Wat Rak or the "Monastery of the Crown Flower" was situated on Ayutthaya's city island in the Historical Park in Pratu Chai sub-district. The temple was located on the east bank of Khlong Chakrai Yai, called Khlong Tho in its northern stretch.
On its south stood Wat Chana Man (no traces anymore); opposite Khlong Chakrai were Wat Kao (no traces anymore) and Wat Khun Phrom. In the east stood Wat Pa Mo (no traces anymore), the name at par with Khlong Pa Mo, a canal running just south of the temple, being an extension of Khlong Klaep/Khlong Tha Phra.
There are no traces of foundations or brick work at ground level and the temple is classified as disappeared.
Historical data about the monastery and its construction is unknown.
The monastery was likely named after the Calotropis Gigantea or Crown flower, a species of Calotropis native to Cambodia, Indonesia, Malaysia, Philippines, Thailand, Sri Lanka, India and China. It is a large shrub growing to 4 m tall. Its flowers are strung into garlands to be worn around the necks of criminals on their way to the place of execution. In Thailand the Rak tree grows wild in deserted dry places. Its trunk and branches have a milky sap and its flowers are used for floral pieces which are to be seen usually at cremations. Today it is the fashion for a bride and groom to wear a garland of these flowers, for the name "rak" means "love" in Thai.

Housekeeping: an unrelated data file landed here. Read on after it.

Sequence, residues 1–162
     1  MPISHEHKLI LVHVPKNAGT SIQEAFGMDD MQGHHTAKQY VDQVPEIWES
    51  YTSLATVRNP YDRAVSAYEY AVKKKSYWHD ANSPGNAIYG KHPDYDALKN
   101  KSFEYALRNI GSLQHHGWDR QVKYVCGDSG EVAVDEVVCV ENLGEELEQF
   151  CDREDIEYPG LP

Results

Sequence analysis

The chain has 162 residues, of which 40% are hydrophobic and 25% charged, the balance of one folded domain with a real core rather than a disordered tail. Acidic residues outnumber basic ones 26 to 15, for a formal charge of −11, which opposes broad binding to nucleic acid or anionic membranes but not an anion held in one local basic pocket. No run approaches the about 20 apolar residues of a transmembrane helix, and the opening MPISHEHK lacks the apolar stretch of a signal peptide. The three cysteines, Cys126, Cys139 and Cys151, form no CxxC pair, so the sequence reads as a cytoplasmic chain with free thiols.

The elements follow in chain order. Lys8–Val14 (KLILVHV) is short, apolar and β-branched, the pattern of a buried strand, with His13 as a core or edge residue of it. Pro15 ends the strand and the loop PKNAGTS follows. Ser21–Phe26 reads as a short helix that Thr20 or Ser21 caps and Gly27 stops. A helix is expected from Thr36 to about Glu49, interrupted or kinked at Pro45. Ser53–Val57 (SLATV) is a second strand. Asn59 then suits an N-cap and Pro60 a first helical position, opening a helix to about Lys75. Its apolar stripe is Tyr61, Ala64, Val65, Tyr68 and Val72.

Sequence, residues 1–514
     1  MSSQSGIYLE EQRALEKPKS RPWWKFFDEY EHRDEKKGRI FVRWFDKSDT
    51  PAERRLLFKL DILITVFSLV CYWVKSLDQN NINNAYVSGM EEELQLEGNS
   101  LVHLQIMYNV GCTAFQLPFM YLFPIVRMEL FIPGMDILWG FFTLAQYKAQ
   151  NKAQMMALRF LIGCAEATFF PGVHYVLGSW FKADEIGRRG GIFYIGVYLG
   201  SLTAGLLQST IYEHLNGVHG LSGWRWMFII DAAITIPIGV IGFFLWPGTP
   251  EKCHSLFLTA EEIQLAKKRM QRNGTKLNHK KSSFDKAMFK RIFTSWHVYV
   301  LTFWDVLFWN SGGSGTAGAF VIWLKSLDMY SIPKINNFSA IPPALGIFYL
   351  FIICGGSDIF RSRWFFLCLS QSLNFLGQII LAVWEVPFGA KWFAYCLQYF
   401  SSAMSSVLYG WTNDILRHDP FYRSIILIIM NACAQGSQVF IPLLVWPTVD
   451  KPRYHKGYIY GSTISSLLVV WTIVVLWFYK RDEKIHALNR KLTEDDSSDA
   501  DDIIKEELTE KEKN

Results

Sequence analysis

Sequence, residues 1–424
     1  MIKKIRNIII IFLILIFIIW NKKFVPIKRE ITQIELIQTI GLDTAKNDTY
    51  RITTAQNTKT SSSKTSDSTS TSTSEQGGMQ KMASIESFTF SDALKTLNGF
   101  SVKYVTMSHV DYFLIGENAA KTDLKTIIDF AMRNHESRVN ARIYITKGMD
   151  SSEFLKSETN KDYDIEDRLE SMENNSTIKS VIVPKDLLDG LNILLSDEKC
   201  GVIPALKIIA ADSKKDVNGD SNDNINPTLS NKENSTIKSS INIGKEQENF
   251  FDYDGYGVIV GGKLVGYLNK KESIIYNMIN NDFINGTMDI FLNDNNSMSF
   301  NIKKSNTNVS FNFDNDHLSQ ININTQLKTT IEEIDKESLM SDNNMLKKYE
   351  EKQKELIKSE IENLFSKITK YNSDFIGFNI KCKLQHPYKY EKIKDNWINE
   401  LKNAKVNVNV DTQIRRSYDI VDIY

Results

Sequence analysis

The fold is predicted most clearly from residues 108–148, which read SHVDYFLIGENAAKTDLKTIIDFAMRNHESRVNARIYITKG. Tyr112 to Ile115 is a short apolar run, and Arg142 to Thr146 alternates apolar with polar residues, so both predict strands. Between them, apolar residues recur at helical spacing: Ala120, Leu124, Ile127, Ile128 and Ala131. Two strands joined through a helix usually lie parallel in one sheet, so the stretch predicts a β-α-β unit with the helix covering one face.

Some Siamese Superstitions about Trees and Plants - Phya Anuman Rajadhon - JSS Vol 49.1 - 1961 - page 58.
Text & maps by Tricky Vandenberg - October 2009 Reviewed February 2011, January 2013